Genocide Victims Museum, Vilnius
This museum was called KGB museum or Soviet occupation museum as well.
It's located in partly renovated old KGB building where KGB headquarters were located till 1991. The museum is unique of its kind in the former Soviet Empire. It shows real horror of of the terror that swept Lithuania under Soviet rule. My strong recommendation is to visit it!
There are still alive witnesses of unbelievable Soviet terror which took place a few hundred kilometers/miles away from happy and fast growing Europe after WWII.
It started when two short-sighted politicians - one sick (Churchil), the second one not enough brave (Roosvelt) - decided together with Stalin to divide Europe with Lithuania on its wrong, Soviet side. Hmm... the situation was difficult but... no excuse. Later... cold war... terror... exciles... poverty in the East and rebuilding process, progress, fast progress in the West. Keep in mind that Lithuania had much better economy than say Spain, Portugal or Greece in 1939.
Well, maybe this quite different history of Lithuania (and Eastern Europe) explains probably stronger protests of its citizens (and politicians) against any totalitarism and terrorism and those who support it, to fake deals and wars as well.
Now, time to look for common better future, cooperation and time to remember not so old past in this area (not to make the same wrong decisions to other areas in our globe) and about those who still suffer from lack of basic freedom in Europe (yes!) - look futher to the East and the South.
Mon - closed
Tue - Sat: 10.00 am - 5.00 pm
Sun: 10.00 am - 3.00 pm
FREE on Wednesdays from September to june
Adults - 2 Lt
Photo permit - 4 Lt (video - 10 Lt)
Hire of headphones and recorded tour in English - 8 Lt (my recommendation!).
MUCH MORE IN MY TRAVELOGUES!
This is one of the most unsettling places I've ever visited, I'm finding it hard to put into words the overwhelming sense of dread I felt while walking the halls of this former KGB prison where many prisoners perished at the hands of the KGB. I don't think I said a word the entire time I was in the building, I felt a huge sense of relief once we left.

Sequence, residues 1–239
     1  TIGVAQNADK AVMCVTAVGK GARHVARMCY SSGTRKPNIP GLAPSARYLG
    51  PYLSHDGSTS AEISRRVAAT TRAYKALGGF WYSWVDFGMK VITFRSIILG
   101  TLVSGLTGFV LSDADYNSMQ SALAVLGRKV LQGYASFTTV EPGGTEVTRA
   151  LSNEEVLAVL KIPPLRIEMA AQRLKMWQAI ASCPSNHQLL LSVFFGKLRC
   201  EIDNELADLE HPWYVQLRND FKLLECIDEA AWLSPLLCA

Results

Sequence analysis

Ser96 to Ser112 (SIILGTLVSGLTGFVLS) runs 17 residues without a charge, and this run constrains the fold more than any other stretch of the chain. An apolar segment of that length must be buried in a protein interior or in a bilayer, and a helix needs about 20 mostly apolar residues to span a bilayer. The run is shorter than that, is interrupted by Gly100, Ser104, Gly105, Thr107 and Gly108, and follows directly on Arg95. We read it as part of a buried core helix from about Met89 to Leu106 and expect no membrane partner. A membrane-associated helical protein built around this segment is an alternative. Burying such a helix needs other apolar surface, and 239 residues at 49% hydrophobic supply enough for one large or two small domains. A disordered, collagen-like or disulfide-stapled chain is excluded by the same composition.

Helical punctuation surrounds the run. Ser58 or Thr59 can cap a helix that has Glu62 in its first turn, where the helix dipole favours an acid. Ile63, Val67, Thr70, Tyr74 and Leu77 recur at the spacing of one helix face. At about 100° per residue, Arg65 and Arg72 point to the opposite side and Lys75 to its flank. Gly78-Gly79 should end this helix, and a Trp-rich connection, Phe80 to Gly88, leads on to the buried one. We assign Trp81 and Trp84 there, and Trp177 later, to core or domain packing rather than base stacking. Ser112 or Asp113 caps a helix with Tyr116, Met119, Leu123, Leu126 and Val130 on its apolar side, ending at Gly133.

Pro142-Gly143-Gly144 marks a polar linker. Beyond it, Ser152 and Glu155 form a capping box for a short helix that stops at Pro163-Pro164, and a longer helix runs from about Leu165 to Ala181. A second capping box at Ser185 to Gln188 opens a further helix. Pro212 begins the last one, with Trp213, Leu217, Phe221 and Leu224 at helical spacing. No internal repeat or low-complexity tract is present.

Yet, I think this should be a place that Vilnius visitors should stop, whether to remember the horrors or learn about them.
There's a small entrance charge, English language headsets can be rented at the entrance but most of the exhibits are in English.
The building is recognizable from the outside with memorial plaques on the building to those that died between 1945 and 1946.
well, it's a good museum in my view cause you really can imagine the life there, in that jail.
here's the interogatory room with old radios, alarm..
some photos are chocking and the room where people were killed is also really strange.
now i can see better horrors that KGB did and that we ignored in France few years ago..
A strong reminder of the turmoil history of Lietuva.
So many uprisings, rebellions for independence, and then the horrorfying pawn in WWII
Preserved so that you can feel part of the history of the KGB rule in the country
It's creepy, it's depressing, and it's absolutely essential. This museum houses the cells where prisoners of the KGB were held, interrogated, and executed. Many explanations are in English but it's probably worth the 8Lt to get a pre-recorded walking tour. A vivid depiction of a gruesome but important period in Lithuanian history.
Open 10am - 4pm, closed Mondays.
The old KGB building in Vilnius has been restored, but only partially, so that the chilly horror of what happened there hangs in the air around evey corner. Used for executions and torture until 1963, the ex-prison contains cells, including a padded soundproof cell (pictured) where blood can still be seen on the walls. You can order a tour with a former prisoner and be shown a torture chamber where prisoners were forced to stand on a small pedestal in the middle of a pool of water, isolation chambers, and the prison "yard."
While it might not sound like the most fun of tours, it is certainly eye-opening and a must-see because you get to experience what many Lithuanians had to endure during the Soviet occupation.
KGB Museuem off Gedinimo. About 2Lits for student. We had an excellent guide, who said he had only been studying English for a few months - he sounded much more fluent!
There is a former prisoner there who discusses what happened there in the prison. It must seem really weird for someone to go back to where they were incarcerated as a touristic relic every single day
A little known fact is that the Second World war in Lithuania didn't end until 1952. It was the time of fighting for independence from the USSR, which ended very sadly for Lithuanians. KGB Museum is actually the prison where independence fighters and political rebels were kept. Very touching.
Here's a picture of the water cell at the KGB museum.
They used to put a prisoner standing on the little stool in the middle of the pool and then filled the pool with cold water.
Outside of the genocide victims museum, make sure to notice the encarvings into the wall, each stone carrying a name of a single victim.